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Interference Hunting, Part 2 of 4: How often is the interference happening?

In part one of this series, we discussed the importance of setting the correct RBW value so that a spectrum analyzer can mimic the sensitivity of the victim receiver, and some of the trade-offs that occur. Once we have made sure that our spectrum analyzer has enough sensitivity, how do we figure out how often the interference is occurring?

Traditionally, the various trace modes available in a spectrum analyzer are used to help characterize RF signals of interest. Peak hold, average and minimum hold are common. Even when employing these trace modes, it is still difficult to determine how often a signal is occurring or if one signal is somehow related to other signals in the same span.

RTSAs provide a solution to this problem: a fast spectrum display with persistence effects. Remember that in a real-time spectrum analyzer, for any span up to the maximum real-time span, the instrument is not sweeping, which means it is capable of measuring the spectrum tens of thousands of times per second. But the spectrum cannot be displayed that fast. To solve that problem, spectrum analyzers with persistent displays were developed as shown below.



A real-time spectrum analyzer display shows much more information than a traditional display.


A persistence display (or digital phosphor display) keeps track—pixel by pixel—of how often energy is being measured. The color of the pixel indicates how often a signal is present. With temperature scaling, red means a signal is on often while blue means it’s on less often. With the combination of fast spectrum measurements and persistence, infrequent events can be more easily identified.

When operating with a real-time display, it’s important to take care when selecting the RBW filter. Just like in a regular spectrum display, the RBW filter selection will greatly affect the speed of the spectrum measurements. One of the key specifications for an RTSA is the probability of intercept (POI). This specification dictates the minimum signal duration that the instrument is guaranteed to detect. Selecting a narrow RBW will change the POI for the measurement—an important factor to be aware of.

While a much greater amount of information can be obtained from the persistent display compared to a basic spectrum display, it doesn’t reveal the whole story. In modern radios there are many protocols that employ some form of clear channel assessment. Essentially, such radios are capable of determining how busy a channel is and will only transmit when no one else is using the frequency. Even a fast persistent display cannot show the timing relationships between two signals. To determine the timing of signals we need to use the spectrogram function as shown below which allows us to plot the spectrum data over time to determine how often signals are active.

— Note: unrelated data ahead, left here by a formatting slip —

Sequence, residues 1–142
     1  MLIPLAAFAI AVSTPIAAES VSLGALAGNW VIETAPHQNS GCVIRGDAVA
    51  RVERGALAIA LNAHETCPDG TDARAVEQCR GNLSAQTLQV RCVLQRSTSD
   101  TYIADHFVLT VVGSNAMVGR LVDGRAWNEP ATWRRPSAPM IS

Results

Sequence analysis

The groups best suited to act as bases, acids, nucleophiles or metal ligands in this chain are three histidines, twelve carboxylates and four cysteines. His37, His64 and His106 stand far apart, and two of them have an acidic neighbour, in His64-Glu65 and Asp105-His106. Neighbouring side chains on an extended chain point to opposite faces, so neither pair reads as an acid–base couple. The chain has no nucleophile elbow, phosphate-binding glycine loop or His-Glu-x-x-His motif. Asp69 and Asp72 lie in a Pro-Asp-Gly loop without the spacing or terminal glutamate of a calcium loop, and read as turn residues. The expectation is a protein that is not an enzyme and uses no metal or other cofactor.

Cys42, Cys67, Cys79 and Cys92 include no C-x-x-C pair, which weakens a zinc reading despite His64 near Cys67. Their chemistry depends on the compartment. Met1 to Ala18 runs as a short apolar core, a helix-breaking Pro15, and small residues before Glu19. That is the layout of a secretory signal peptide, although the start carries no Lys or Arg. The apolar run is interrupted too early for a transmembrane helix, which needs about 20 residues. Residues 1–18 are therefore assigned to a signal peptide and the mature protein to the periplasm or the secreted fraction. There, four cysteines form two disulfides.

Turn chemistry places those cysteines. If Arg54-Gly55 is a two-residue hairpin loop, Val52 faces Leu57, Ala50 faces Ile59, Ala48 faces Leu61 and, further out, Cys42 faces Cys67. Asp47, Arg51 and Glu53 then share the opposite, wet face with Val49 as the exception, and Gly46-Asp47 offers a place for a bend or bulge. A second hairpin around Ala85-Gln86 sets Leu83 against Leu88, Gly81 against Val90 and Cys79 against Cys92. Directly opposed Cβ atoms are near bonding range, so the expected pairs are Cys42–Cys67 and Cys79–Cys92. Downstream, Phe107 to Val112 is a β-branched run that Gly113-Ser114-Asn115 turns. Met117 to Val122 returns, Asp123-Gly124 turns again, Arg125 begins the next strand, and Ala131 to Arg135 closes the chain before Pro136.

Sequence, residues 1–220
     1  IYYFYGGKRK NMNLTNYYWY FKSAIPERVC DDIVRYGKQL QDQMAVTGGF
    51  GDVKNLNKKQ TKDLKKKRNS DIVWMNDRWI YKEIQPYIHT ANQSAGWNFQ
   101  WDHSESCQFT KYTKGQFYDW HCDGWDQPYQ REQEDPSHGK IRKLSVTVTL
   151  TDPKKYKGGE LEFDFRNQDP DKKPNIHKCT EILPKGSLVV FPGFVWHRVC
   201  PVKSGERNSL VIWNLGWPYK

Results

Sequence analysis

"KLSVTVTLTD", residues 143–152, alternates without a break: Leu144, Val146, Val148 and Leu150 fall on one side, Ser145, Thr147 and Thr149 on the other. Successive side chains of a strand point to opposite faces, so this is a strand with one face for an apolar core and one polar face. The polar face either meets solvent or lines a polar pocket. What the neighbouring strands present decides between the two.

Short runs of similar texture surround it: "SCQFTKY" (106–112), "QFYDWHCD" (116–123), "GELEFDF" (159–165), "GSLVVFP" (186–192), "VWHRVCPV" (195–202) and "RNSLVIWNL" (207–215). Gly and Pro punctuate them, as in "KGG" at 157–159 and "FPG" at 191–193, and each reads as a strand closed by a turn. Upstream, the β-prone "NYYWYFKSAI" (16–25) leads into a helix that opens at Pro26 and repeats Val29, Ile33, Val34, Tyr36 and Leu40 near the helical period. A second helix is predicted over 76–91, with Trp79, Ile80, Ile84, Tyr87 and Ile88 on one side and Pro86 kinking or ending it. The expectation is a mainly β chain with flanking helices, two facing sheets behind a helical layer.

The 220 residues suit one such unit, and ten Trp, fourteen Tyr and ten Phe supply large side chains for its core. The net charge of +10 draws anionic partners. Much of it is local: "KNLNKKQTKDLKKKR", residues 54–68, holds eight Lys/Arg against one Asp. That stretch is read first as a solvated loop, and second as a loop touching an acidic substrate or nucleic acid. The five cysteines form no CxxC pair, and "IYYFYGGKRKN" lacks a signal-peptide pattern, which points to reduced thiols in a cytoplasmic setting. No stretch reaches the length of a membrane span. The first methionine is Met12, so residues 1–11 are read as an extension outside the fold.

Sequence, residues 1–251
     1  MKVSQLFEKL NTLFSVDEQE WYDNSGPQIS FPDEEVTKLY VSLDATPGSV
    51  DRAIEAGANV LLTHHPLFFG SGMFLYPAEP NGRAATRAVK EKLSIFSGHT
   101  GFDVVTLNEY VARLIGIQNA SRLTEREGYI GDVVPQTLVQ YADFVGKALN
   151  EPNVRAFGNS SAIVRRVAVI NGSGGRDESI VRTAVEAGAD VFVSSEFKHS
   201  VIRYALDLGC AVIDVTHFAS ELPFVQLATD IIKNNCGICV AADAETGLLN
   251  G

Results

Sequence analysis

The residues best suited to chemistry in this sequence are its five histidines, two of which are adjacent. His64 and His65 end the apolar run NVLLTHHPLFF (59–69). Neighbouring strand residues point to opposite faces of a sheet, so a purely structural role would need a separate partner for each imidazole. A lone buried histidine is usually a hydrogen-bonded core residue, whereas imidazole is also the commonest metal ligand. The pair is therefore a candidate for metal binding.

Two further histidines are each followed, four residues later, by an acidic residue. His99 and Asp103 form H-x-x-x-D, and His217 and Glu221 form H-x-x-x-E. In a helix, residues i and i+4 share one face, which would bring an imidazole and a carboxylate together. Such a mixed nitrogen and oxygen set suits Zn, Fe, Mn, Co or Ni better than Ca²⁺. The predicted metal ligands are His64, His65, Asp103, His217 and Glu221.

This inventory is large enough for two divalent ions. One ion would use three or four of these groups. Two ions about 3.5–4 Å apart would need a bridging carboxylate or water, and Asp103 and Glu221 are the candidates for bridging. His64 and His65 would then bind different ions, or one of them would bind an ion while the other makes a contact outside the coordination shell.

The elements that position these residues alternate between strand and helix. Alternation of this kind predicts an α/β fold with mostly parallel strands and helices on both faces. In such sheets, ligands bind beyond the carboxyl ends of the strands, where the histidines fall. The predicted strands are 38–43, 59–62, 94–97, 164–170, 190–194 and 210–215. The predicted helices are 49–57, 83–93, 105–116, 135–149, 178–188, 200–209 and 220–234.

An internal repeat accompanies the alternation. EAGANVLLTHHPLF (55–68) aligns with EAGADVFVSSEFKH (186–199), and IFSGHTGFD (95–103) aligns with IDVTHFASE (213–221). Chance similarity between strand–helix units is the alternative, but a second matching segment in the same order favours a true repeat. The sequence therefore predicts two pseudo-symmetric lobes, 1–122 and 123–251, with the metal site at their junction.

The spectrogram allows you to record spectrum for long periods of time and playback problem periods.

Spectrograms are a type of waterfall display that plots the spectrum activity over time. As in a typical spectrum display, the start frequency is on the left-hand side and the stop frequency is on the right-hand side. Time is the on Y-axis and color indicates signal amplitude—red being the highest amplitude and black being the lowest. The spectrogram is composed of the peak detected data from the persistence display, and the amount of spectrum data aggregated is defined by the user.

With these controls the user can record the data for long periods of time (hours) and then export and share the results. This is especially useful when there is a stubborn interference problem and the spectrum needs to be monitored for a long time. In the event that you are dealing with an intermodulation issue, the spectrogram can help determine the fundamental elements of the mix.

Keep in mind that with RTSAs the spectrum information is instantaneously measured for the entire time span. This means that we can use the data to perform a visual carrier correlation to confirm the timing relationships between source carriers and intermodulation products.

In Part 3 of this four-part series, we will discuss how to trigger on a specific signal as well as create an automatic email notifier.

For more information on spectrum management and interference hunting be sure to visit our resource center. You’ll find a wealth of information such as our useful and informative Spectrum Allocation Poster.



Read the other entires in this series here:

Part 1: Get the insight you need to see interference in a crowded spectrum

Part 3: Use Mask Search to automatically discover when interference is happening

Part 4: Storing and sharing captures, the interference hunter’s safety net


About the Author

Robin Jackman is a field applications engineer based in Toronto, Ontario. He has been with Tektronix for more than 15 years supporting customer applications throughout North America. His work with Tektronix has covered both analog and digital design with a focus on RF applications. Prior to Tektronix he spent 12 years working for the federal government in spectrum management.